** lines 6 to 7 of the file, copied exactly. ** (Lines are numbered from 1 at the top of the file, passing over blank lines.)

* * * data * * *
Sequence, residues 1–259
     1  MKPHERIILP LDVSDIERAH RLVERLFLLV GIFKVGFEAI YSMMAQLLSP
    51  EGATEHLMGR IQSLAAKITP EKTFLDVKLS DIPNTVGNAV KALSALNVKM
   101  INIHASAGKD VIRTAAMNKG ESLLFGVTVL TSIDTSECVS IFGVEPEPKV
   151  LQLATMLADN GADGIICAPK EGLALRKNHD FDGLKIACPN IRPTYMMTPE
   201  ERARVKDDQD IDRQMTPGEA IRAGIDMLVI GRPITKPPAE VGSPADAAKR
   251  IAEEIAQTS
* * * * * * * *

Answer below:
   201  ERARVKDDQD IDRQMTPGEA IRAGIDMLVI GRPITKPPAE VGSPADAAKR
   251  IAEEIAQTS